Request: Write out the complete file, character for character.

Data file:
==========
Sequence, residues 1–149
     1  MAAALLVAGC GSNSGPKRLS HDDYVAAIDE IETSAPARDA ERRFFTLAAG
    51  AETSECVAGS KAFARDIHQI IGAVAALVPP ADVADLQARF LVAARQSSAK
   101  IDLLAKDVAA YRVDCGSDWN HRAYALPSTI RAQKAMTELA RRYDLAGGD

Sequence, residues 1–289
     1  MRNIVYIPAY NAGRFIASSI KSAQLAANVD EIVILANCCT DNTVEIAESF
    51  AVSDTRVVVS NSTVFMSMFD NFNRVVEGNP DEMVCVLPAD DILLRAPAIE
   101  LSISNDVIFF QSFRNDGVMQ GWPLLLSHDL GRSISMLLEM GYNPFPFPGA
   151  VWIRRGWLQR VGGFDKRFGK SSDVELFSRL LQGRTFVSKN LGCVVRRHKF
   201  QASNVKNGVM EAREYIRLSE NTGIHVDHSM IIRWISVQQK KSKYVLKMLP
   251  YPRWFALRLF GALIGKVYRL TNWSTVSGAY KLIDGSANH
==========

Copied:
Sequence, residues 1–149
     1  MAAALLVAGC GSNSGPKRLS HDDYVAAIDE IETSAPARDA ERRFFTLAAG
    51  AETSECVAGS KAFARDIHQI IGAVAALVPP ADVADLQARF LVAARQSSAK
   101  IDLLAKDVAA YRVDCGSDWN HRAYALPSTI RAQKAMTELA RRYDLAGGD

Sequence, residues 1–289
     1  MRNIVYIPAY NAGRFIASSI KSAQLAANVD EIVILANCCT DNTVEIAESF
    51  AVSDTRVVVS NSTVFMSMFD NFNRVVEGNP DEMVCVLPAD DILLRAPAIE
   101  LSISNDVIFF QSFRNDGVMQ GWPLLLSHDL GRSISMLLEM GYNPFPFPGA
   151  VWIRRGWLQR VGGFDKRFGK SSDVELFSRL LQGRTFVSKN LGCVVRRHKF
   201  QASNVKNGVM EAREYIRLSE NTGIHVDHSM IIRWISVQQK KSKYVLKMLP
   251  YPRWFALRLF GALIGKVYRL TNWSTVSGAY KLIDGSANH